March 11, 2005

Urban Politics

Joel Kotkin deserves some props, having written both for The Weekly Standard and The New Republic in the space of a couple of months.

I blogged before about his "Cities of Aspiration."

His TNR piece is about the LA Elections. While I didn't pay them much attention, it dovetails into his urban projections. He says it's not about who won, it's about who lost.

The problem? Middle-class residents here may no longer have large enough ranks to elect one of their own to citywide office. This may have turned the famously energetic Hertzberg into the little engine that could not climb the demographic hill. Whatever the merits of the candidates in this particular election, one thing is clear: The underlying demographic factors that doomed Hertzberg's campaign spell bad news for Los Angeles, and for the American city in general.
Across the country, major cities are continuing to lose middle-class residents as they flock either to the surrounding suburbs or to less congested, more affordable, and more business-friendly smaller cities, particularly in places like Nevada, Arizona, Texas, and Florida. The group that is leaving--upwardly mobile people in their thirties and forties--represents a particularly important part of the urban mix. Historically, when this strata has abandoned cities, urban society has shifted toward a more bifurcated makeup: the wealthy few residing among a growing underclass. This occurred in late imperial Rome, in seventeenth-century Venice, in eighteenth-century Amsterdam--and has become a common prelude to urban disaster in American cities during the past half-century.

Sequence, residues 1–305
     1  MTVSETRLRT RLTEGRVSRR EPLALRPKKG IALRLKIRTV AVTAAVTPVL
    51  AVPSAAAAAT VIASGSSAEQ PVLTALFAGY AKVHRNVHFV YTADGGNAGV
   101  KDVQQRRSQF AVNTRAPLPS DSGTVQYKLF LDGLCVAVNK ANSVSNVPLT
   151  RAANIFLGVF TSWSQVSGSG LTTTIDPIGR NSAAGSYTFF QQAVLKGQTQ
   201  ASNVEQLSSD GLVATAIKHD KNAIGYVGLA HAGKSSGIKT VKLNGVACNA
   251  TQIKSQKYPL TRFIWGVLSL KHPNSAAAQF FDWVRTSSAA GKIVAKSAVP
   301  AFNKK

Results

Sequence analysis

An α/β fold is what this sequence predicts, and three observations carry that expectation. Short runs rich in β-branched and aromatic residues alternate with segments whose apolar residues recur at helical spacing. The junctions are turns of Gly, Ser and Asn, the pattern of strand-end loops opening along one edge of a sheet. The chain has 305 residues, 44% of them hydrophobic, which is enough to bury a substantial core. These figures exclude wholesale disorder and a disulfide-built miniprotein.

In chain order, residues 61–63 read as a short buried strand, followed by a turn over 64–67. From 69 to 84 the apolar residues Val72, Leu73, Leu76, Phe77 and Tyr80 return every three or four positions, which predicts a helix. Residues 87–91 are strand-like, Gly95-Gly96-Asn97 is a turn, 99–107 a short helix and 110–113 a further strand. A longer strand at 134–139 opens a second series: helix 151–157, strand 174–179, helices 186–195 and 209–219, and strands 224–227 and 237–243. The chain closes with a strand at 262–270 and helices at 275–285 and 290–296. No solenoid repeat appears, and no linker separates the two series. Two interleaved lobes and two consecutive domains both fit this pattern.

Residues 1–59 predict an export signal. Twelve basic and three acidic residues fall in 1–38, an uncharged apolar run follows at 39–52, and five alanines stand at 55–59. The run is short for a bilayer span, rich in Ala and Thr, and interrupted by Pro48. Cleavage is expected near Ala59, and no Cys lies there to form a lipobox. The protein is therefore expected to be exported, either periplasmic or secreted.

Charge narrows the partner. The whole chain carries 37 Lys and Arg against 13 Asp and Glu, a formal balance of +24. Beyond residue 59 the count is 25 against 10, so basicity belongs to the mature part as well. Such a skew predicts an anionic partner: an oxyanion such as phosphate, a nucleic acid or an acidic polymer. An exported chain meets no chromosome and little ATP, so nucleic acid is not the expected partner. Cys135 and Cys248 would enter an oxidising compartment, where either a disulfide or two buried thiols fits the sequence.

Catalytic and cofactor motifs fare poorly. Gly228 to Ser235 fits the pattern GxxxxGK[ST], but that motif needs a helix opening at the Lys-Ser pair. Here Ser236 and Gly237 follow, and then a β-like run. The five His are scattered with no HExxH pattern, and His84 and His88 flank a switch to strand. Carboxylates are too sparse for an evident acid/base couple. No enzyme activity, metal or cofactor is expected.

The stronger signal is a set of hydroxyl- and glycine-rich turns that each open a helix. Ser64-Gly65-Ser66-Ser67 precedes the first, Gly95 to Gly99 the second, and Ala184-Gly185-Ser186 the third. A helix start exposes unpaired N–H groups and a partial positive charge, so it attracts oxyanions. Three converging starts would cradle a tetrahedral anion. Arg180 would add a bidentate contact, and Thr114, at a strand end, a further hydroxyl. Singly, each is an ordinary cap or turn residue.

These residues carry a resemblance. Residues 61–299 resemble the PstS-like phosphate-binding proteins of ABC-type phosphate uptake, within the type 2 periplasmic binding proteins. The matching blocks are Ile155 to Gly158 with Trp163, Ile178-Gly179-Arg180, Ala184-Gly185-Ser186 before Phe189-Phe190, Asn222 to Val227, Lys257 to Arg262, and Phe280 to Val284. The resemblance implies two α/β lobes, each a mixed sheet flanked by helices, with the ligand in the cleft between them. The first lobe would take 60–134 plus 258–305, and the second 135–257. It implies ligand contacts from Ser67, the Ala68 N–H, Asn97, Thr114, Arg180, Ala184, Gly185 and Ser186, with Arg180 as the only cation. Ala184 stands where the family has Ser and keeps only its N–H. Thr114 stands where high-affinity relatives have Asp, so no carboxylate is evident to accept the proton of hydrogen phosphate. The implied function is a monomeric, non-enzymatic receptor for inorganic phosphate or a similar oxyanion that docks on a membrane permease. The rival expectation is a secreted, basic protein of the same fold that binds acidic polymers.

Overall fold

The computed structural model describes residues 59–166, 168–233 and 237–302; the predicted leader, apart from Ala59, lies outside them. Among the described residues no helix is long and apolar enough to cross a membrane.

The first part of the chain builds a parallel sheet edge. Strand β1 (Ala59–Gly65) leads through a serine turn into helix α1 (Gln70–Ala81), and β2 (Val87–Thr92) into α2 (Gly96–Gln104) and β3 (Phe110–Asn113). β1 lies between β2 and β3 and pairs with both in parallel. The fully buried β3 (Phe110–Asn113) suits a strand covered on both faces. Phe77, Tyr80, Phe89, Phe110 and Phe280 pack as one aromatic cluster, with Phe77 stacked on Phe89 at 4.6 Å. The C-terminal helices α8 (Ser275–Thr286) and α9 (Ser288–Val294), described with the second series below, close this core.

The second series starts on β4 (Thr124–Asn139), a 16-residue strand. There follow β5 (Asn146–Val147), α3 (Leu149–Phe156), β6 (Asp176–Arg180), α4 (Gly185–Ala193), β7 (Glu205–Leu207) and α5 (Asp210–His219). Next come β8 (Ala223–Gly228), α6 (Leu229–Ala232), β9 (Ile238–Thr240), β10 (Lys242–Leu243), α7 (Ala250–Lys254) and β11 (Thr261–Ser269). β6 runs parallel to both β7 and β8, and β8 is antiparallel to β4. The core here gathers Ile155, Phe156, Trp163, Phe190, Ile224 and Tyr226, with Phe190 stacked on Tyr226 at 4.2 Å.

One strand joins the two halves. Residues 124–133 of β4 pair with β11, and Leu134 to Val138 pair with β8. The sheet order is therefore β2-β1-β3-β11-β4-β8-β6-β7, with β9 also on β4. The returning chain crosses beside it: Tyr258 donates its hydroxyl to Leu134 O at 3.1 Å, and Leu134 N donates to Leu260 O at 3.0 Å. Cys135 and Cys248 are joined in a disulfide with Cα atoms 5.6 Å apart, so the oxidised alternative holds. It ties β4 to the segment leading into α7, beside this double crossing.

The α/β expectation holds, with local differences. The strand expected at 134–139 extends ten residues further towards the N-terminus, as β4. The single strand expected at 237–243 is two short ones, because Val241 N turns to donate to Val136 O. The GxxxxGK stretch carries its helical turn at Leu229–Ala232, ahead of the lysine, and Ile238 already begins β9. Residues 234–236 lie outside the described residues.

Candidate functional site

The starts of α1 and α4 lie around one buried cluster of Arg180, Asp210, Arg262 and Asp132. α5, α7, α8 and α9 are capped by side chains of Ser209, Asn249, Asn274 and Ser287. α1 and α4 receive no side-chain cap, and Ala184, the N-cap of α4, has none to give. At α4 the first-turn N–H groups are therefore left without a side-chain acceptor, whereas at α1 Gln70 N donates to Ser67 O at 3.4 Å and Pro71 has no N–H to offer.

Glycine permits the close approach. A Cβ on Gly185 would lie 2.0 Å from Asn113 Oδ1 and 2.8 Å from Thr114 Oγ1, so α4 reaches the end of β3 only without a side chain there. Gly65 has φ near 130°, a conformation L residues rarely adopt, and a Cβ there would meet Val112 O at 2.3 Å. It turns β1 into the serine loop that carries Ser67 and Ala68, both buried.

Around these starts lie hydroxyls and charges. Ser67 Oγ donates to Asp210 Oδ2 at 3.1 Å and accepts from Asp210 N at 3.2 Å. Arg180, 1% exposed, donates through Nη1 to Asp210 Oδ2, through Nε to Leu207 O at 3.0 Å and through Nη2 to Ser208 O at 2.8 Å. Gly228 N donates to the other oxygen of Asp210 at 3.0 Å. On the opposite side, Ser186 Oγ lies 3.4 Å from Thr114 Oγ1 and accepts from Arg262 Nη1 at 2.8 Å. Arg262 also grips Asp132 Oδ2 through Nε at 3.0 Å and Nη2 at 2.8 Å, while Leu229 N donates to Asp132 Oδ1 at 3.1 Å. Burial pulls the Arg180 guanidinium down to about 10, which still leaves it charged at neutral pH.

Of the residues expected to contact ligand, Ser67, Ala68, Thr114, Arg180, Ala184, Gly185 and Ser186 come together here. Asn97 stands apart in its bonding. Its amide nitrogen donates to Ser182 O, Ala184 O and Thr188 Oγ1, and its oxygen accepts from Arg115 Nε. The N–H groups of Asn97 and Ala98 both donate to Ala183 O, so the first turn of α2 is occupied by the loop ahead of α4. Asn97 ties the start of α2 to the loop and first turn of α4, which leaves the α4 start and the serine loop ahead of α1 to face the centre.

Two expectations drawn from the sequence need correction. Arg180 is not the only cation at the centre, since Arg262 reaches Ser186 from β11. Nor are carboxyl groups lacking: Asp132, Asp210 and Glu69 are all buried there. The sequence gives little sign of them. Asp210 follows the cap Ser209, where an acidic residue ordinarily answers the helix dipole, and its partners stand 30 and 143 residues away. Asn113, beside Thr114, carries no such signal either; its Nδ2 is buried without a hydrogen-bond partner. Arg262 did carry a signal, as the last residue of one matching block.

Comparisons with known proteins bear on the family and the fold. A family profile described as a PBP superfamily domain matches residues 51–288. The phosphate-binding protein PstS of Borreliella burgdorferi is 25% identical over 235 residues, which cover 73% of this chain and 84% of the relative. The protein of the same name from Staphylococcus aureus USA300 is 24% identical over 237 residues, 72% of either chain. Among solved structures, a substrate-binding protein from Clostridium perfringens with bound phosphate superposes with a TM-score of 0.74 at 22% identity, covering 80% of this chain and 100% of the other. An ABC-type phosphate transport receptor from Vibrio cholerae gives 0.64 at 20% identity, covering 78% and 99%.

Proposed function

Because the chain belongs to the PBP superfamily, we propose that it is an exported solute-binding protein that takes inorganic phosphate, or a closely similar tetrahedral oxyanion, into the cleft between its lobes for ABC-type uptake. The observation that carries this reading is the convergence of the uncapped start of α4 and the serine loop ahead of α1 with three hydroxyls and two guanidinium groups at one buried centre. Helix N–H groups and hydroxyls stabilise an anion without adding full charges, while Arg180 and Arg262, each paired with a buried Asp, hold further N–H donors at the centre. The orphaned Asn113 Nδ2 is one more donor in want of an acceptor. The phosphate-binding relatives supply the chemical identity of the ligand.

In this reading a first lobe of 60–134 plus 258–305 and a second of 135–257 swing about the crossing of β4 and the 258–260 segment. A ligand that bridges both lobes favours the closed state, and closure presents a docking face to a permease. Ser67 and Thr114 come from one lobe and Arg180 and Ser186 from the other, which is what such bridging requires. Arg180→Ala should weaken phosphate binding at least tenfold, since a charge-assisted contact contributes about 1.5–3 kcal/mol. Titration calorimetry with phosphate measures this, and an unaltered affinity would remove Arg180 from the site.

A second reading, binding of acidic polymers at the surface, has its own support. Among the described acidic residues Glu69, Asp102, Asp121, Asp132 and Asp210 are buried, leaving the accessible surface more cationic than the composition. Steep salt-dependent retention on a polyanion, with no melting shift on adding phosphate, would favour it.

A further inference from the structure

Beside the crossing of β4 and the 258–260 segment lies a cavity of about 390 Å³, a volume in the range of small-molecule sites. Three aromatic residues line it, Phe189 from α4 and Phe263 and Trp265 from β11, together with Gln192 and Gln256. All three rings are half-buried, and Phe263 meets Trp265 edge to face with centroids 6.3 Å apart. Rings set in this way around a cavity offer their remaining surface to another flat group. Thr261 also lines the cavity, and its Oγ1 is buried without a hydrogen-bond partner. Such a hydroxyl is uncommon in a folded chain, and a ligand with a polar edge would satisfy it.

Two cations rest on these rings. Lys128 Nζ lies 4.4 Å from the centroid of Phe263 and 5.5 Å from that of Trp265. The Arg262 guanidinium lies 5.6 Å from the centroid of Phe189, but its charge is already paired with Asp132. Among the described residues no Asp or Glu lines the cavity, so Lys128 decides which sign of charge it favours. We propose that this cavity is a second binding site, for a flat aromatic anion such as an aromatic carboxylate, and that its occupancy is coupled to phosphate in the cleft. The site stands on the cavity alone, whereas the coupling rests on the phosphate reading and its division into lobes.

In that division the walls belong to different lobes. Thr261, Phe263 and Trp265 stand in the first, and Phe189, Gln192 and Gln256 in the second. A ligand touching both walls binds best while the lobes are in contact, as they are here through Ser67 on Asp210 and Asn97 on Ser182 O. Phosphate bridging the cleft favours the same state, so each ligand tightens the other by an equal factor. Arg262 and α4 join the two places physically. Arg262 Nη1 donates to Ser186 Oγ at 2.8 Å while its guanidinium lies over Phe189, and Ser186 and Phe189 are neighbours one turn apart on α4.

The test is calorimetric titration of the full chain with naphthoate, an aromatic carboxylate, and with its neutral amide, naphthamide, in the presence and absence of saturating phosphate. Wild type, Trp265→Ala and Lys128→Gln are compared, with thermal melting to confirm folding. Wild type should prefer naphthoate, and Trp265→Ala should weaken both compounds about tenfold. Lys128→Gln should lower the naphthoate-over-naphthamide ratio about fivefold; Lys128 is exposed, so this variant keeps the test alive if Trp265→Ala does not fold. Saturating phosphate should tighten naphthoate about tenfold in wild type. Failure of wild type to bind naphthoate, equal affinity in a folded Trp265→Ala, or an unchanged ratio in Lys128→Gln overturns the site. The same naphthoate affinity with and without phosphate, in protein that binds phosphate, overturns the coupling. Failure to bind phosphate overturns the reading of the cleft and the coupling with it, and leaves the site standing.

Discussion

I'd have little to pay attention to a mayoral election, but I think Kotkin's point is well taken here. Is this an inexorable, self-propogating demographic shift?

Politics Posted by John Kranz at March 11, 2005 10:42 AM

A recent History Channel program about the unpublished "second book" of Adolph Hitler (after Mein Kampf) claimed that Hitler observed this same phenomenon, the flight of the ambitious creator class from areas of social collectivism, in post-war (WW I) Germany. In that case it was ambitious Germans leaving increasingly socialist Germany for the greener pastures of America. The "second book" apparently includes his solution to this "problem." He intended to invade and colonize the USA to reclaim not only the "cream of the aryan race" but the tremendous natural resources of the US.

The moral of the story is that ambitious individuals will not subject themselves to the looting of a socialist society willingly. Such subjection must be done by force.

In answer to your rhetorical questions, self-propagating - yes; inexorable - yes, except by force.

Posted by: johngalt at March 12, 2005 10:30 AM | What do you think? [1]